When Caretaking Becomes An Unhealthy Equilibrium

When Caretaking Becomes an Unhealthy Equilibrium

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By Margaret Fiero

You can live a lifetime and, at the end of it, know more about other people than you know about yourself – Beryl Markham

We often hear in the media about the how addiction ravages those who struggle with them and their families. Caretaking, also referred to as compulsive helping, is an addictive behavior that, while lesser known, is still highly destructive, according to Dr. Robert Lefever, a prominent addiction specialist in the UK. Caretaking can be more insidious than an addiction to substances such as drugs or alcohol, making it extremely difficult to identify and treat.

The Need to be Needed

Lefever defines compulsive helping as “the need to be needed.” There’s nothing unusual about the desire to be needed, but like other addictions, caretaking is a behavior taken to an extreme. This is a perverted sort of caring that, rather than helping, turns out to be both self-destructive and harmful to others. But wait, isn’t our problem today that people are too selfish and individualistic? Isn’t it good to help others? Helping and caring are positive behaviors – caretaking is being consumed by the need to “fix” others, to the point where you lose – or never develop – your own identity, and you smother the person you’re trying to help so they have no space to work on their own problems.

An Unhealthy Equilibrium

As other addictions are shaped by society, so is caretaking. We are taught that it is good to be helpful, and that it is selfish to worry about our own needs. If it becomes ingrained early on that our only value is in helping everyone else, we learn that to survive we need to make ourselves “useful” to other people. If no one needs us, we have no value. We therefore form relationships in which another is dependent on us so that we will always be needed. This also makes the caretaker dependent on the individual they caretake (no wonder this dynamic is sometimes also called “codependency”). An unhealthy equilibrium is formed that, if knocked off balance, can have disastrous results. The caretaker will be lost without their “project” and will have to find a new needy individual. The focus of the caretaker will have to try to find someone new to care for them.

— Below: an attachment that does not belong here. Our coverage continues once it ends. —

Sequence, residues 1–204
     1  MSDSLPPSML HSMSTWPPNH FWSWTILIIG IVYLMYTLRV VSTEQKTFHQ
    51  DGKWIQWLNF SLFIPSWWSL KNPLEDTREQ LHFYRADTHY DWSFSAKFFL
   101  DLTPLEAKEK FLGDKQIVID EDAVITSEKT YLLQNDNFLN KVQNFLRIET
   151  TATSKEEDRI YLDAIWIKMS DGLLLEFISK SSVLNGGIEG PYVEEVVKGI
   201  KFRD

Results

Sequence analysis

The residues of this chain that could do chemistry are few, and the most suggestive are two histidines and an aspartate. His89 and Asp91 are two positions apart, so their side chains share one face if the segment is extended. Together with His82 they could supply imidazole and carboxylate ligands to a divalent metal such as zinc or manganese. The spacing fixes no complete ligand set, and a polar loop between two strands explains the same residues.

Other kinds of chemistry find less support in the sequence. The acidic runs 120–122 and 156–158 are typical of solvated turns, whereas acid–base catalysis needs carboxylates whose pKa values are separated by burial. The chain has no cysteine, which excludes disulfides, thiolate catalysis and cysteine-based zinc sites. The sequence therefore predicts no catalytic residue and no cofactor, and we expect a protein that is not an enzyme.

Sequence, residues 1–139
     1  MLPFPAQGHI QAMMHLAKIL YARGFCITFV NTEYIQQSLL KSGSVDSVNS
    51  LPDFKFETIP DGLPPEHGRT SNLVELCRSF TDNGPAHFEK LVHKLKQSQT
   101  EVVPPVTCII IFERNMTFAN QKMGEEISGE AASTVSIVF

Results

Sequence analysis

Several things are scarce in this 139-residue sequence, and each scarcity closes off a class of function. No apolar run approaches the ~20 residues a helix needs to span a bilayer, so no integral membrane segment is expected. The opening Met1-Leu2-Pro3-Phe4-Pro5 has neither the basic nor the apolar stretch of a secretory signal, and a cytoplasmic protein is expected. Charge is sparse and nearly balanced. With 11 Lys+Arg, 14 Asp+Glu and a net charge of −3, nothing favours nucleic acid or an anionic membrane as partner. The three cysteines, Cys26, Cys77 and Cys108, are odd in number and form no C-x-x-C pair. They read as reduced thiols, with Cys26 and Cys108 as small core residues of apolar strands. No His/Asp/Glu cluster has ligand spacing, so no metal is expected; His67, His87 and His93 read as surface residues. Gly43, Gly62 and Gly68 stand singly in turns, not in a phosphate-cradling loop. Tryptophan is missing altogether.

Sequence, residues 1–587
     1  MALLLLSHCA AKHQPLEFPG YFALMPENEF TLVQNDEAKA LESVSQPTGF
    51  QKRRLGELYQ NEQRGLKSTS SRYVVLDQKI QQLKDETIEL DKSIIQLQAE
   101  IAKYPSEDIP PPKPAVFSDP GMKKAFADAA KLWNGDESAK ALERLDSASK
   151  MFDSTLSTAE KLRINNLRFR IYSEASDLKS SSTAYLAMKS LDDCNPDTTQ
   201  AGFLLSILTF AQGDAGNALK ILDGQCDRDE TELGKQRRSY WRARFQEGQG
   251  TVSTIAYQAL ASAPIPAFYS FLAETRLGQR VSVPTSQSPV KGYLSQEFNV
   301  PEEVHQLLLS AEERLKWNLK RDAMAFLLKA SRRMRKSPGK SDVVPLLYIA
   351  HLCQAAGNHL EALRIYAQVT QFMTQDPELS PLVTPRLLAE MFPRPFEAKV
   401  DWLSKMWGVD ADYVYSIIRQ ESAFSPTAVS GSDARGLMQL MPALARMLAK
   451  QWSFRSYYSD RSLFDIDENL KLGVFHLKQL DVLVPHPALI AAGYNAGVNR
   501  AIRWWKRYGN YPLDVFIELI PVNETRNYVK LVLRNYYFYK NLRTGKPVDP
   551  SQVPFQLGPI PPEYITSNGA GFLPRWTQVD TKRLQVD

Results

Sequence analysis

Care-Taking to Gain Control

Notice the word “take” in “caretaker.” Caretaking is actually a self-serving behavior. While not intending to, the caretaker is “taking” from the other individual to fulfill their need to be needed. Reasons individuals are drawn to caretaking include the following:

-They are continuing the role they had while in their family of origin.

-They feel powerless in their own lives; trying to fix others provides some semblance of control.

-They feel their own life is out of control and that it’s easier to “solve” the problems of another than deal with their own.

-Others’ problems are a distraction from their own.

-They don’t trust others to live their own lives the way they “should” and think they are the only one capable of helping.

-They are perfectionists and are uncomfortable with mistakes made by themselves and others.

-They have trouble with boundaries and feel they are responsible for everyone else.

-They feel selfish if they focus on themselves.

A Strange Narcissism

There is a certain narcissism involved in caretaking. Caretakers think they are invaluable and responsible for others’ happiness, that others cannot get along without them. I write this as someone who has struggled with my own caretaking tendencies. It never occurred to me that my predilection to say “yes” to others’ requests could actually be a self-serving behavior. It required taking a step back and having a hard look at myself: Am I just trying to be helpful or am I fulfilling my “good girl” role? How helpful can I be without first helping myself?